Just as you’d converse in other languages, it’s proper etiquette to also ask how they’re doing. So you’d ask them wa inta وأنت, if they’re male, and wa inti وأنتِ if they’re a female. This simply means “and you?”
- kif haalak? كيف حالك؟ – How are you? (addressed to male)
- kif haalik? كيف حالك؟ – How are you? (addressed to female)
- ana bikheer, shukran! أنا بخير، شكراً – I’m fine, thanks!
- wa inta وأنت – And you? (addressed to male)
- wa inti وأنتِ – And you? (addressed to female)
Levantine – Kifak? كيفك؟
The phrase kifak? كيفك؟ “how are you?” is a more casual, shortened version of the Saudi dialect.
The phrase kif haalak (to male) turns into kifak and kif haalik (to female) turns into kifik.
To respond, can say mneeH منِيح which means “I’m good” or tamaam تَمَام which means “I’m great”.
- kifak? كيفك؟ – How are you? (addressed to male)
- kifik? كيفك؟ – How are you? (addressed to female)
- mneeH منِيح – I’m good
- tamaam تَمَام – I’m great
Egyptian – Izayyak? ازيك؟
izayyak? ازيك؟ is a uniquely Egyptian way to ask someone how they are.
If you say izayyak in other Arabic-speaking countries, they’ll certainly understand you and will immediately know you’ve studied Arabic in Egypt.
Use izayyak when speaking to a male and use izayyik when speaking to a female.
Some common responses to izayyak are kwayyis كوَيِّس which means I’m good and kullu tamaam كلّو تَمَام which means everything’s good.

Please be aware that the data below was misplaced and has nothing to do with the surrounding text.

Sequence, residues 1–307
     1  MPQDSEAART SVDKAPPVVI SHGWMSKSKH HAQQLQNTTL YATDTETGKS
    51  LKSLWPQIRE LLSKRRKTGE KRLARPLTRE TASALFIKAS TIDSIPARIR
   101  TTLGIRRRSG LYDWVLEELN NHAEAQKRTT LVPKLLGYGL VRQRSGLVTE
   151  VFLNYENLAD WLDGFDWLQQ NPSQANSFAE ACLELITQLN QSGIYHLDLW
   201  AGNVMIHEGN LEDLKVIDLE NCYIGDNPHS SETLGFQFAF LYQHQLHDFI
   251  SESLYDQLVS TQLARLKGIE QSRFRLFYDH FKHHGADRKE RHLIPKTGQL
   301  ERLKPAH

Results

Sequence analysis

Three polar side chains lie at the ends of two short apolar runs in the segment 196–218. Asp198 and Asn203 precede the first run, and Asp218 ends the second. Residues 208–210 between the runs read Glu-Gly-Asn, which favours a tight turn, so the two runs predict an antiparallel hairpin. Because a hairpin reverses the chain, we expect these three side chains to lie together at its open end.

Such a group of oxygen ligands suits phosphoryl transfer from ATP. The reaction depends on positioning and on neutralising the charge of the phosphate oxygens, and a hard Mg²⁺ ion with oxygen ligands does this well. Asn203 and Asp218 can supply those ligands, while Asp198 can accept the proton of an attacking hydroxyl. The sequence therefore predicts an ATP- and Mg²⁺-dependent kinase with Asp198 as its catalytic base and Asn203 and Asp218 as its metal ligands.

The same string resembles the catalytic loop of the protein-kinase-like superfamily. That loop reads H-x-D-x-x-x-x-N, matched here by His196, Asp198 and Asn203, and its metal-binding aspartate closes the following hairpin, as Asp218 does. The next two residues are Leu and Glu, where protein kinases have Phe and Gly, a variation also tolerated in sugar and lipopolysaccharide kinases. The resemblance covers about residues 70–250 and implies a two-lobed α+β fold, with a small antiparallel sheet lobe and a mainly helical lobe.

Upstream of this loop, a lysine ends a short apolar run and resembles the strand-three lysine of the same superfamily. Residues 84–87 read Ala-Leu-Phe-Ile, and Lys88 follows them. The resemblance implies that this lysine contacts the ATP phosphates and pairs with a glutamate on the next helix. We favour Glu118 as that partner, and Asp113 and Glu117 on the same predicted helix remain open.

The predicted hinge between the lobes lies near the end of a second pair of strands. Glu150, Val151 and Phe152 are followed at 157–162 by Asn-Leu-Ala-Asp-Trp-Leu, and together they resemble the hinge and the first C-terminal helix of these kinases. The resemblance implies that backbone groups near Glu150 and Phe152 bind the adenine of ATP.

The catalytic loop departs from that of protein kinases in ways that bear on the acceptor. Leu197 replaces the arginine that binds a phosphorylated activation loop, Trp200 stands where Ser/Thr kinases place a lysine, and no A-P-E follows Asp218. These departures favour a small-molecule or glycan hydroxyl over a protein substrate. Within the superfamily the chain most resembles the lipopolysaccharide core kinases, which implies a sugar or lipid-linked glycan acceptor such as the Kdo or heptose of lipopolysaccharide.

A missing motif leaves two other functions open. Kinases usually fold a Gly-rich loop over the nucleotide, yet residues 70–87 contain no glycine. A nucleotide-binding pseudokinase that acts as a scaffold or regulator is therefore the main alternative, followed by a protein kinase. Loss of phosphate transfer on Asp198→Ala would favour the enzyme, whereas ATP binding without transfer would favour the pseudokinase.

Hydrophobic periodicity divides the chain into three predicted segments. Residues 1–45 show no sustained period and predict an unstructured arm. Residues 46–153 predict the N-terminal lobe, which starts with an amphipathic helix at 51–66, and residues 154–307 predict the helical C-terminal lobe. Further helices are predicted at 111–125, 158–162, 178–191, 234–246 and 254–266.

- izayyak? ازيك؟ – How are you? (addressed to male)
- izayyik? ازيك؟ – How are you? (addressed to female)
- kwayyis كوَيِّس – I’m good
- kullu tamaam كلّو تَمَام – Everything’s good.
How to Say Hello in Arabic – Video Guide
Hello in Arabic – Final Thoughts
There are many ways to say hello in Arabic and greet others, so it’s important knowing how and when to use them correctly.
Phrases can differ based on certain circumstances or the people you are speaking to you.
Once you’ve mastered the simple hello, you’ll be able to open up the conversation to anyone you meet.
Want a simpler way to learn Arabic? Check out our comprehensive guide on the best apps for learning Arabic.
How to Say – Good Morning in Arabic
How to Say – You’re Welcome in Arabic
How to Say – How Are You in Arabic